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Synchronising time in survey spreads
Even with something like an EIVA TimeBox timestamping data telegrams, networked PCs will still need accurate time, provided by NTP (Network Time Protocol). There are simple solutions that set PC clocks using NTP, but they have drawbacks:
Only one NTP service can run on a single PC at any time. Simple solutions such as Time-Sync and AboutTime are adequate where clocks are only required to synchronise occasionally. Where millisecond accuracy and stability are paramount, a solution based upon the reference code published by the NTP Project is indispensable.
Most NTP services operate as both servers and clients at the same time. A stratum 2 server is merely a machine that was configured as a client of a stratum 1 server. Servers may operate in a hierarchy as many as sixteen deep, but to do this without good reason could introduce points of failure.
Configuring NTP throughout a network
At its most basic, all that is necessary to configure NTP on a machine is the IP addresses (or DNS names) of one or more reachable NTP servers. In simpler clients these are usually entered in a Windows dialogue, while full implementations rely on an
You need at least one time server on your network before you can configure lower-stratum machines to use it. You may well already have stratum 1 servers if you are using network-connected GPS receivers like the Fugro StarPack, which provides NTP service by default, but if you cannot identify any existing servers, you will create one using a PC – probably your main Nav PC.
Once you have found your NTP servers, or created one, install the NTP service of your choice on all PCs to be synchronised, configuring each one to use the server(s) as their source(s). If installing a full NTP implementation, you would simply find the server lines in the default
Creating a top-stratum NTP server
If you have no existing time server, select a PC to be your master server. It will need to have a reference clock, and you have three options:
NTP has been running across the Internet since before the World Wide Web. It propagates time down a hierachy of strata, using sophisticated algorithms refined over more than thirty years to determine the accurate time, and discipline local clocks to follow it. After the initial setting, it performs any adjustment by slewing the clock gradually and will never cause it to step more than a limited amount, or step backwards.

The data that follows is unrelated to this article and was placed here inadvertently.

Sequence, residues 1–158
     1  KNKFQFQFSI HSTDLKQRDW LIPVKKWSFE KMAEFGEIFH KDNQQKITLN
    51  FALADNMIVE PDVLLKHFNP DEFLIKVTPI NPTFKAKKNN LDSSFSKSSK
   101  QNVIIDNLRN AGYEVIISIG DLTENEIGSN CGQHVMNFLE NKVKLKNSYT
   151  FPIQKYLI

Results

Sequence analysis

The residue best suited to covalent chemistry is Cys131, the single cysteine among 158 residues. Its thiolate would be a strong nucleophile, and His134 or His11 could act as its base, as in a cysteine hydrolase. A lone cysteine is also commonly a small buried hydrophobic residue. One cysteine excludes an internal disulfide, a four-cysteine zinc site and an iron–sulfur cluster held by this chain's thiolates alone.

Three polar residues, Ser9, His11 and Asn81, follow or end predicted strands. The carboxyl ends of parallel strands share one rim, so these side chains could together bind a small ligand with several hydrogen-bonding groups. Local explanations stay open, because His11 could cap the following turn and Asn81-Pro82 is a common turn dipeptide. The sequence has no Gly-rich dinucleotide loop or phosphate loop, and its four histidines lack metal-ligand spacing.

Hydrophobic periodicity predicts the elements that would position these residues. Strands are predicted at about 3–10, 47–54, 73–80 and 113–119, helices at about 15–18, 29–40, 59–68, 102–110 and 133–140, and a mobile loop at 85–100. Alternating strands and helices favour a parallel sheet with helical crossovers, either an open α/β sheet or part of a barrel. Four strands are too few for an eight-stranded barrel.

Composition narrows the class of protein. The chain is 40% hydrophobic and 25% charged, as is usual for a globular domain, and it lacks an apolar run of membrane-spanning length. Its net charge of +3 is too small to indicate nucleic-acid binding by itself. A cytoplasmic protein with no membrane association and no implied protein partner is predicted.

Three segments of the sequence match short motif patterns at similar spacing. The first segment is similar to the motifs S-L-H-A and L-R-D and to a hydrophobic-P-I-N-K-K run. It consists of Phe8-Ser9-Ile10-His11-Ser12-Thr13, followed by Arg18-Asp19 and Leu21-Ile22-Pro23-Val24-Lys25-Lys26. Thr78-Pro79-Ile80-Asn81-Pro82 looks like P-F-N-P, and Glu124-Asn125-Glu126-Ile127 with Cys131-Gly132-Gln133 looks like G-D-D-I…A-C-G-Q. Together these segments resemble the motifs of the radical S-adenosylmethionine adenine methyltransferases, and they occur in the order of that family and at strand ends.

At the highest stratum, 0, are the authoritative reference clocks, which are mostly atomic clocks or GPS receivers. Directly connected to the reference clocks are the stratum 1 NTP servers, and below these are servers that do not have directly connected reference clocks. Servers listen on UDP port 123 (the traditional number of the speaking clock). Servers below stratum 1 refer if possible to three or more servers at higher strata, comparing times and using the algorithms to select the most stable source.
A server that selects a preferred source at stratum 1 becomes a stratum 2 server, and so on down the line. On the Internet, there are now many publicly accessible NTP servers at stratum 1 and stratum 2, so NTP clients which rely on the Internet are rarely below stratum 3. Nevertheless, NTP allows for strata from 0 to 16.
NTP is the clock synchronisation solution that Harrods would sell you – except that it is free. But there are some hurdles to negotiate in getting the highest accuracy on Windows machines.
Microsoft first provided a basic native system using SNTP (Simple NTP) with the introduction of the Windows Time Service (W32time) in Windows 2000. W32time has developed until, in Windows Server 2016 and Windows 10, Microsoft claims full accuracy but discloses that “Windows Time service is not an exact implementation of the Network Time Protocol”.
W32time is configured by default to check the clock at fixed intervals, using the Internet source, time.microsoft.com. Finding clear and correct documentation on altering the configuration to obtain highly accurate time from a different source is challenging.
Under earlier versions of Windows, users needing fully-featured NTP had to install implementations of the NTP reference source specially packaged for Windows, with the preferred packages coming first from Trimble and, more recently, from Meinberg. The inadequacy of current documentation on configuring Windows Time Service remains an incentive to prefer Meinberg’s implementation.